‘Political Minds’ campaign group launched to change narrative on Scots’ mental health

Stuart Rodger

Campaign group to meet new minister for mental health to address issues including social security provision

A NEW campaign group seeking to change the narrative on mental health has been launched in Scotland.

The organisation, ‘Political Minds’, is seeking to raise awareness across the political spectrum about how mental health issues affect different Scottish demographics, how the political process can better serve their needs, and address how our economy and society can be changed to promote good mental health.

Speaking to CommonSpace, co-founder of the group Jamie Walker, said: “We want to influence decision makers, influence the political process to better understand mental health issues, so that politicians can better represent their constituents.

“We want to make sure mental health is on the agenda.”

Stressing the cross-party and non-party nature of the campaign, Walker, who is in the SNP himself, said: “We’ve had good conversations with Lisa Cameron MP, chair of the all-party disability group at Westminster and Monica Lennon, who is part of Scottish Labour’s health team.”

Other Political Minds campaigners include Rise activist Lynsey Pattie and non-aligned mental health activist Ailsa Comrie.

“When we’re building this new social security system mental health has to be a crucial part of that.” Jamie Walker

Talking about the motivations for the launch of such a group, Walker said they were inspired by the recent success of the One in Five campaign, which was set up to promote access to politics for disabled people and which has successfully achieved a £200,000 fund to support disabled election candidates.

He said: “Given that mental health is still grossly misunderstood, still, despite great progress over the last few years, there’s still stigma, there’s still discrimination, there’s still issues with human rights and access to employment and so on.”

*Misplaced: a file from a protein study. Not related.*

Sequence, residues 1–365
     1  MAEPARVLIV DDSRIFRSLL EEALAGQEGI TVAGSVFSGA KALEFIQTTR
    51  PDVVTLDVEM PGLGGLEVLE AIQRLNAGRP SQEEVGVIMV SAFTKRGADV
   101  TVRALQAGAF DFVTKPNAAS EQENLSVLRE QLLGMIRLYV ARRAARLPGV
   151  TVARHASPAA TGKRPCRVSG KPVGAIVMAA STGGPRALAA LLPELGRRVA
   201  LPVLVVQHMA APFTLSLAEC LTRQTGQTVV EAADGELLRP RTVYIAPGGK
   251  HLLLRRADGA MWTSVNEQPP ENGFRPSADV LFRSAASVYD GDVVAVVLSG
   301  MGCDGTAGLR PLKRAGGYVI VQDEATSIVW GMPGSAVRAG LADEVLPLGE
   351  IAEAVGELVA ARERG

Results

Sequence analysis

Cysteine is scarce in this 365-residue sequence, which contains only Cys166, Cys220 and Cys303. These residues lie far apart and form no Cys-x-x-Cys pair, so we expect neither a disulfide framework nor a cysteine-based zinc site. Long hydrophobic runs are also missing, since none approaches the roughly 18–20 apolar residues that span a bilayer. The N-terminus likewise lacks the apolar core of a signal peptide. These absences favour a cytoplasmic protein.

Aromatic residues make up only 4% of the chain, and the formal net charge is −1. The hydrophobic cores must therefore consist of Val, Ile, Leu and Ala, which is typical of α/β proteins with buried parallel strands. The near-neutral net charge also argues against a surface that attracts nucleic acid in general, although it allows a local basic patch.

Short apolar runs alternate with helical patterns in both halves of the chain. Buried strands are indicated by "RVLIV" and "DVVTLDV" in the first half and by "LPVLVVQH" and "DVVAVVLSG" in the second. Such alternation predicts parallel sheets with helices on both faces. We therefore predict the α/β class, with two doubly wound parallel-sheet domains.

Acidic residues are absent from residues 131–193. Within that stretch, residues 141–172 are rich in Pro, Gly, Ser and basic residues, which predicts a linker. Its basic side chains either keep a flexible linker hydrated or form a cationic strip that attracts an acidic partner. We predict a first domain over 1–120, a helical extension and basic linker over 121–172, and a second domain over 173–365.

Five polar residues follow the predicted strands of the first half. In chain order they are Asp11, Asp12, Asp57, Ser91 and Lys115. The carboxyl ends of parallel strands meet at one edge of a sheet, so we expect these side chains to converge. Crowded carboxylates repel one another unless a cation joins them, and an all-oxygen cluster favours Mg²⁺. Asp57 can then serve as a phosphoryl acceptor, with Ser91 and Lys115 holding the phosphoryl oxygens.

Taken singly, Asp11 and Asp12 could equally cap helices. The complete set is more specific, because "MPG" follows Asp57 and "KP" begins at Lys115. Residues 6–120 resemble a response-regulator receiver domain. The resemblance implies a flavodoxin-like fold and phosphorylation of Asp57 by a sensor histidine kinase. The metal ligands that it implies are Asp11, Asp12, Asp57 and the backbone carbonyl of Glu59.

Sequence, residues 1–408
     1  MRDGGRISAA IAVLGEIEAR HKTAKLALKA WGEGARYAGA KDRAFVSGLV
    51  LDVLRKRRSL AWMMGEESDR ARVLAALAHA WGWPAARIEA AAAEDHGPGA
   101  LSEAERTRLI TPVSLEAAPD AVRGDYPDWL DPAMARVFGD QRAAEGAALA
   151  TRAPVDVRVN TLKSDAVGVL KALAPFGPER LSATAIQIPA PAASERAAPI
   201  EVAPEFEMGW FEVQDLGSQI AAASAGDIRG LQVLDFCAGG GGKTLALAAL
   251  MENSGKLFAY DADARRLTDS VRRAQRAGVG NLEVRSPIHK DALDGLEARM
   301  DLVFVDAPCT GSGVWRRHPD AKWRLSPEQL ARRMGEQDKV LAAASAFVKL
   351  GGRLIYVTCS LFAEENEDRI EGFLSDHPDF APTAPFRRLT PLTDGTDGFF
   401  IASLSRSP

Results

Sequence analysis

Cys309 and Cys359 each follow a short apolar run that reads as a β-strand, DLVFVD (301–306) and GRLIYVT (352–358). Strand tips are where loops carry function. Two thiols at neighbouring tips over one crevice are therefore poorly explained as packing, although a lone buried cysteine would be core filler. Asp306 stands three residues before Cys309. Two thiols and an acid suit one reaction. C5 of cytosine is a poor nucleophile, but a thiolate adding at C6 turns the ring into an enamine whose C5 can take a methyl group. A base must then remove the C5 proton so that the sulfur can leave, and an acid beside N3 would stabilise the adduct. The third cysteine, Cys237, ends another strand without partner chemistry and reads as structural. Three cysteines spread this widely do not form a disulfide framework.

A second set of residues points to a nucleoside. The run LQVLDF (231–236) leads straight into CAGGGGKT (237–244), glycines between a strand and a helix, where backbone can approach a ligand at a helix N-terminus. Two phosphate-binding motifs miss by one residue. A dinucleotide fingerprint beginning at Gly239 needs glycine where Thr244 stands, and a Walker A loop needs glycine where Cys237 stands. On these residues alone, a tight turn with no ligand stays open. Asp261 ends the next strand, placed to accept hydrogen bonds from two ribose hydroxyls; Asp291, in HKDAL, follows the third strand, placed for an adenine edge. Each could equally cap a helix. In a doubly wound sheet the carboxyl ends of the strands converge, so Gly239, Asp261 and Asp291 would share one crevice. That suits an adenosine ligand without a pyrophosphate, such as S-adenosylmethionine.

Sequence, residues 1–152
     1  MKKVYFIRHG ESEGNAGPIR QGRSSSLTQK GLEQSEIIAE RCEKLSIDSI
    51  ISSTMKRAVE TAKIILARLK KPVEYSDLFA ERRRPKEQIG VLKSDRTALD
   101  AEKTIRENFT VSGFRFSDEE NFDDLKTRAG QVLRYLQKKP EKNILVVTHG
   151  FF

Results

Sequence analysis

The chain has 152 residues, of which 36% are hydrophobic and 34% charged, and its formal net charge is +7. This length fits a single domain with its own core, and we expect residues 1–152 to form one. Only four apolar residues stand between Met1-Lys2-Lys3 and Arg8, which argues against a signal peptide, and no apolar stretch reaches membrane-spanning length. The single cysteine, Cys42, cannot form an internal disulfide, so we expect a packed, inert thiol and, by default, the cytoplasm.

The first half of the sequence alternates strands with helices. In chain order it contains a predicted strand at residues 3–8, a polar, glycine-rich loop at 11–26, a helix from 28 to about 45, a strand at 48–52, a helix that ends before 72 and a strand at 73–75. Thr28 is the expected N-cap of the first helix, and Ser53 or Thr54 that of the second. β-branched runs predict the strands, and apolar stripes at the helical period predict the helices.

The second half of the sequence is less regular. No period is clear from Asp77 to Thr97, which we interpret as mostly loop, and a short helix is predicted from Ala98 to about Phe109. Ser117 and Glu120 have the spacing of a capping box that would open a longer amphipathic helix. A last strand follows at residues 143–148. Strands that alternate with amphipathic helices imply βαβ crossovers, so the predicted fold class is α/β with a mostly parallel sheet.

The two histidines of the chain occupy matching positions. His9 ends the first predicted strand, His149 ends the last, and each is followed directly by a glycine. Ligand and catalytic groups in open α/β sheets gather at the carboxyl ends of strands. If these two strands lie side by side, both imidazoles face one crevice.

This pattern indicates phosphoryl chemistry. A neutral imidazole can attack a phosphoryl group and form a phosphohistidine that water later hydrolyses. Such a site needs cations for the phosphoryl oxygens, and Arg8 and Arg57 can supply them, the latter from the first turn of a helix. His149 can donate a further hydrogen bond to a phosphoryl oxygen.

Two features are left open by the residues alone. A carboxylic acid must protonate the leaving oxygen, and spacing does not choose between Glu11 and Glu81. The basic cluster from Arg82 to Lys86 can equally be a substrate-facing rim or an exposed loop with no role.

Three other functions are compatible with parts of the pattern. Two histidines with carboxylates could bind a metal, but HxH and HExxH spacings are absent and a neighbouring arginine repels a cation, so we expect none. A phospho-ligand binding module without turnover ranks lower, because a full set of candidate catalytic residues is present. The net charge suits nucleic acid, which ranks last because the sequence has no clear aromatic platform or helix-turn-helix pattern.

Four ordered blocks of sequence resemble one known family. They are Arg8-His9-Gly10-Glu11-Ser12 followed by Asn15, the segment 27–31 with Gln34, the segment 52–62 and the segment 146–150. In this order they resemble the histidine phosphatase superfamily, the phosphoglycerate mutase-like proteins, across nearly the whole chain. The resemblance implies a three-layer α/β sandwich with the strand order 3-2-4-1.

“We wanted to create a space for the discussion of mental health issues. That was the main motivation behind it. Mental health has its own issues, and desperately needs to be talked about on the same level playing field [as physical health]. This is what Political Minds wants to do. Immediately when you talk about it, it’s not taken seriously. It’s visibility that’s the problem.”

Discussing specific problems which the campaign might seek to address, Walker said: “The types of treatments that are involved, there’s a rush to medication in many circumstances. We’ve obviously got to look at a variety of other ways that people can get help, whether that’s through talking therapies or walking therapies or art.”

“Immediately when you talk about it,  it’s not taken seriously. It’s visibility that’s the problem.” Jamie Walker

The group will be looking into the possibility of making a submission to the Scottish Government’s social security consultation. The Scottish Government are currently asking the public for their say on how new benefits being devolved to the Scottish Parliament – including personal independence payments for disabled people – should be designed and delivered.

Walker said: “When we’re building this new social security system mental health has to be a crucial part of that. I think I can go on record and say that the current system is not recognizing mental health issues. It’s placing unnecessary stress and anxiety on people.”

“When they fill out their forms it’s very physical in nature. There’s only a couple of questions relating to mental health. They fail to recognise that getting up and getting dressed is a mental health issue, feeding yourself is a mental health issue, going to work can be a mental health issue.”

The launch of the campaign group comes after the Scottish Government created a new ministerial position for mental health, which is currently held Maureen Watt MSP. The group plan to meet with the minister on the 23rd of August. Following the meeting, the group intend to launch their first campaign, ‘I am a political mind’.

Walker said: “It’s quite an easy and simple one. People can write on a bit of paper. Or people can tweet under the hashtag #Iamapoliticalmind. I am probably going to talk about poverty – and recognizing the mental health links to it.”

Walker added that it was open to collaboration with existing groups such as See Me and the Scottish Association for Mental Health (Samh).

He said:“We are hoping to partner up on issues with joint interests. We had a great conversation with See Me. It’s to be inclusive. That’s important with mental health, how rich you are, how poor you are, whatever gender you are, it affects everyone.”

Picture courtesy of Political Minds

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